Governor Cuomo and legislative leaders should make critical reforms to the Excelsior Scholarship Program to ensure that more students who need financial assistance to attend college and earn a credential are able to qualify for this well-intended but flawed program. They should also take other steps to support student success at colleges and community colleges across the state—including helping low-income students overcome non-tuition related financial barriers. Currently, far too few of the students who enroll at SUNY and CUNY end up getting a credential. They should also take other steps to support student success at colleges and community colleges across the state—including helping low-income students overcome non-tuition related financial barriers. Currently, far too few of the students who enroll at SUNY and CUNY end up getting a credential.
The Center for an Urban Future has written extensively about the increasing importance of a college credential in New York State and the barriers that prevent students from achieving college success. Our recent work has documented both the tuition and non-tuition costs of college, and examined strategies that can ensure more students enrolled in college can graduate with a degree.
Excelsior Across New York
- The Excelsior Scholarship program awarded 20,086 scholarships in 2017-18, 3.2 percent of the 633,543 undergraduate students in New York.1
- Just 20.7 percent of all scholarship recipients statewide are enrolled at CUNY, even though CUNY students make up 38 percent of all undergraduate enrollment in the state.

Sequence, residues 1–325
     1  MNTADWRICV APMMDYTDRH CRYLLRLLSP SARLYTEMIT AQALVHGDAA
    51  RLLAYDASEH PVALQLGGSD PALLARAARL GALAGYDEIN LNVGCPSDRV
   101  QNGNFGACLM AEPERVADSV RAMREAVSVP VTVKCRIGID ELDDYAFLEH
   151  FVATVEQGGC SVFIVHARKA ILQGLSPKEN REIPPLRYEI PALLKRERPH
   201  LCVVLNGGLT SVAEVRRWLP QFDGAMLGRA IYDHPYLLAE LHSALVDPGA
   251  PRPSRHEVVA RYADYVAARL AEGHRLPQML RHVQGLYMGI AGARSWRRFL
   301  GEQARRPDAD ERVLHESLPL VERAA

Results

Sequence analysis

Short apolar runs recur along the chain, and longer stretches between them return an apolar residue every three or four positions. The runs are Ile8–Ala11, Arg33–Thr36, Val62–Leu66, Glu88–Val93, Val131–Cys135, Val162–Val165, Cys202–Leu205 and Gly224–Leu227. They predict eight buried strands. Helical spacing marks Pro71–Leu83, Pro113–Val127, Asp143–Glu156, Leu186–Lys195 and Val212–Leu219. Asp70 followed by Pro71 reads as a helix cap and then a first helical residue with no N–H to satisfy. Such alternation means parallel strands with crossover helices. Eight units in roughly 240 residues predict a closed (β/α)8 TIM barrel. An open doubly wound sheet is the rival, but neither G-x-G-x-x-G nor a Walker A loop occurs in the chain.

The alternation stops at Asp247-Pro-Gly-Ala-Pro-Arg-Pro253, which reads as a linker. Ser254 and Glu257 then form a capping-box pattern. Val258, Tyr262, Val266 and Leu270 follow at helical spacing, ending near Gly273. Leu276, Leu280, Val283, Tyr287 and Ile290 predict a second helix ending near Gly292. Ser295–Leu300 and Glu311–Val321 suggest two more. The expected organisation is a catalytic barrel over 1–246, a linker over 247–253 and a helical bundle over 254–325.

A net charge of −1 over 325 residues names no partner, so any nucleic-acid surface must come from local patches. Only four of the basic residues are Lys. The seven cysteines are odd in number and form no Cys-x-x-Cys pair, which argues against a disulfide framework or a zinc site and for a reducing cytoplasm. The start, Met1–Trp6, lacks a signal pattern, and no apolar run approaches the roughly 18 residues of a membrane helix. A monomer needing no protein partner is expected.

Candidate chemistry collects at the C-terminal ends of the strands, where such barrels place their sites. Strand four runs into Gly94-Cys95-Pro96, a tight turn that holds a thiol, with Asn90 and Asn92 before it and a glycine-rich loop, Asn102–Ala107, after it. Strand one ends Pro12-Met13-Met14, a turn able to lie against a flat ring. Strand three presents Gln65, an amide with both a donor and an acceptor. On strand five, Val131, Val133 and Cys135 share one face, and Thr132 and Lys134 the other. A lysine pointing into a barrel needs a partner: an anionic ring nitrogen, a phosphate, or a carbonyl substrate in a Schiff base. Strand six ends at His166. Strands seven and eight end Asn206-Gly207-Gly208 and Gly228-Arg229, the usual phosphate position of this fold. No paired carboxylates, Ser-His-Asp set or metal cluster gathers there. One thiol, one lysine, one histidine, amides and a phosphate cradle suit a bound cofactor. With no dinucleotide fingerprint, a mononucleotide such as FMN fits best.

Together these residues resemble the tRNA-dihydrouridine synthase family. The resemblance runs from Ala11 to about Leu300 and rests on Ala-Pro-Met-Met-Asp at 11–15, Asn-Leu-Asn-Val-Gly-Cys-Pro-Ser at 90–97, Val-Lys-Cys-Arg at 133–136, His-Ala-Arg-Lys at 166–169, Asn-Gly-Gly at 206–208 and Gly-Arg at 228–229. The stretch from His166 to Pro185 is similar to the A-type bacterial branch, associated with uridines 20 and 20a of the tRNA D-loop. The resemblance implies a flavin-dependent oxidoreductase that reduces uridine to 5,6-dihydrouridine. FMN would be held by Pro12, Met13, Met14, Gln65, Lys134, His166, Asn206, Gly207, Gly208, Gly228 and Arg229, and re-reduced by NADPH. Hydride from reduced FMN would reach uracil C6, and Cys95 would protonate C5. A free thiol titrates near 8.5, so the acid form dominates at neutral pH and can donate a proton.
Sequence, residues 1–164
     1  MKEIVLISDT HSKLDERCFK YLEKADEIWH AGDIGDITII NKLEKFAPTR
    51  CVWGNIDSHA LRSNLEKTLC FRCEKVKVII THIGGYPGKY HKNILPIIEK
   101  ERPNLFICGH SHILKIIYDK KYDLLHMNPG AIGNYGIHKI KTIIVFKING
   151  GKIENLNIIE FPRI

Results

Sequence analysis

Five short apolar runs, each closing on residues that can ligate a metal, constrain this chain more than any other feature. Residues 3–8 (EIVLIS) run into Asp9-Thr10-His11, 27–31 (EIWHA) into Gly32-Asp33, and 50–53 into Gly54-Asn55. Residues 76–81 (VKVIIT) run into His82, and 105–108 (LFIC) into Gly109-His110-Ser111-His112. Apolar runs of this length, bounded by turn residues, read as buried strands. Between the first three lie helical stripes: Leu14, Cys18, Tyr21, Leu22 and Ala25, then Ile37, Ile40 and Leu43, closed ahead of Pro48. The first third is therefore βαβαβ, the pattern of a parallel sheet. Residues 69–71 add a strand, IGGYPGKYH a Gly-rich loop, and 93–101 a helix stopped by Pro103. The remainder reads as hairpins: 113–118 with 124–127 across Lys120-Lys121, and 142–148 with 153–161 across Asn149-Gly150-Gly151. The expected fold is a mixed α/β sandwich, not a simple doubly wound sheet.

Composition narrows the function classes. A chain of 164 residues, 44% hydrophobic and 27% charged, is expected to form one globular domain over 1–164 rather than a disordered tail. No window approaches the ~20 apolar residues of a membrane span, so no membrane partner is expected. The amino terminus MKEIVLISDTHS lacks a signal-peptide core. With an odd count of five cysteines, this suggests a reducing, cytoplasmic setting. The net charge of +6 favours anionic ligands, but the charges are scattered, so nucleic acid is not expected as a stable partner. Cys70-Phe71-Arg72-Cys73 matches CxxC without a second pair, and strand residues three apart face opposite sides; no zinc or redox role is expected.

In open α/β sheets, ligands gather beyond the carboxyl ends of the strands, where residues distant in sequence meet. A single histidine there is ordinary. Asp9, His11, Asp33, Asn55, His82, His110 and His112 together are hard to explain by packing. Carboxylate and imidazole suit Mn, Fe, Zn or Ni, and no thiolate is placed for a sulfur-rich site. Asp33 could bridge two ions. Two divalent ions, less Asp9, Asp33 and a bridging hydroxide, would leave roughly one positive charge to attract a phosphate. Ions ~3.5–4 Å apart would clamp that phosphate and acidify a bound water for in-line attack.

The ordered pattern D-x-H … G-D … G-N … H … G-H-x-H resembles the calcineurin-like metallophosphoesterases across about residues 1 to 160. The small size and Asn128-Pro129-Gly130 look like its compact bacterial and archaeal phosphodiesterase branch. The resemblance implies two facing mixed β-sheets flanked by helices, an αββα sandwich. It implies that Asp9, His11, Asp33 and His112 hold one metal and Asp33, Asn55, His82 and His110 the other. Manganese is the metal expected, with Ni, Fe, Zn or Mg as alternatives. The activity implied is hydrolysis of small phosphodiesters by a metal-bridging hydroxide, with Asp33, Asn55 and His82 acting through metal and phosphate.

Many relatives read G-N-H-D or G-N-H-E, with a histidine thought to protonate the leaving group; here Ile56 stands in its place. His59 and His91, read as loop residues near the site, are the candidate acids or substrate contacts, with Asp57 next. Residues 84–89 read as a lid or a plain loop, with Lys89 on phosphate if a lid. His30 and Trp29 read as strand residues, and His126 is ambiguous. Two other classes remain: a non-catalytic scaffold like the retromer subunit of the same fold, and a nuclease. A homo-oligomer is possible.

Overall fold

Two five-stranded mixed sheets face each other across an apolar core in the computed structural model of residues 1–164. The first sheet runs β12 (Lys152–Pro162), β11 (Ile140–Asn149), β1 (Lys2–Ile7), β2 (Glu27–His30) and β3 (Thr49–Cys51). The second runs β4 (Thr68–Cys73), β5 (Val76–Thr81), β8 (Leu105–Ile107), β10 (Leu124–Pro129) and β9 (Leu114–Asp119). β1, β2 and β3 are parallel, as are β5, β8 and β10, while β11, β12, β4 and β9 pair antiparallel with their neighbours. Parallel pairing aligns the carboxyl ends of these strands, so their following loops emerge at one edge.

- Students at senior colleges were far more likely to obtain Excelsior Scholarships than community college students. Community colleges account for 48 percent of all undergraduate students in New York, but only 27 percent of Excelsior Scholarships.
- Only two of CUNY’s senior colleges—Hunter College and John Jay—saw more than 3 percent of enrolled students obtain an Excelsior award.
- At ten CUNY schools, fewer than 2 percent of enrolled students received funds.
- At three CUNY community colleges, fewer than 61 students obtained an award.
- Overall, of the seven community colleges in New York City, just 820 students received an Excelsior Scholarship this year.
Excelsior Scholarships and Undergraduate Enrollment at SUNY and CUNY Institutions,
2017–2018 School Year
|Excelsior Awards||Undergraduate Enrollment||% of Total Enrollment|
|SUNY|| || || |
|Senior (State Op.) Colleges||11,328||181,956||6.2%|
|CUNY|| || || |
|CUNY Total||4,155|| 242,354|| 1.7%|
|New York Total||20,086||633,543||3.2%|
Sources: NYS Higher Education Services Corporation; City University of New York Office of Institutional Research; State University of New York.2
Excelsior at Individual Colleges
- The college with the highest rate of Excelsior Scholarship awards was SUNY-Fredonia (12 percent), followed by SUNY’s Geneseo, Cobleskill, Oswego, and Cortland campuses, all with 9 percent.
- The college with the lowest rate of Excelsior Scholarship awards was Hostos Community College (0.5 percent), followed by SUNY-Empire State College and Bronx Community College, both with 0.6 percent.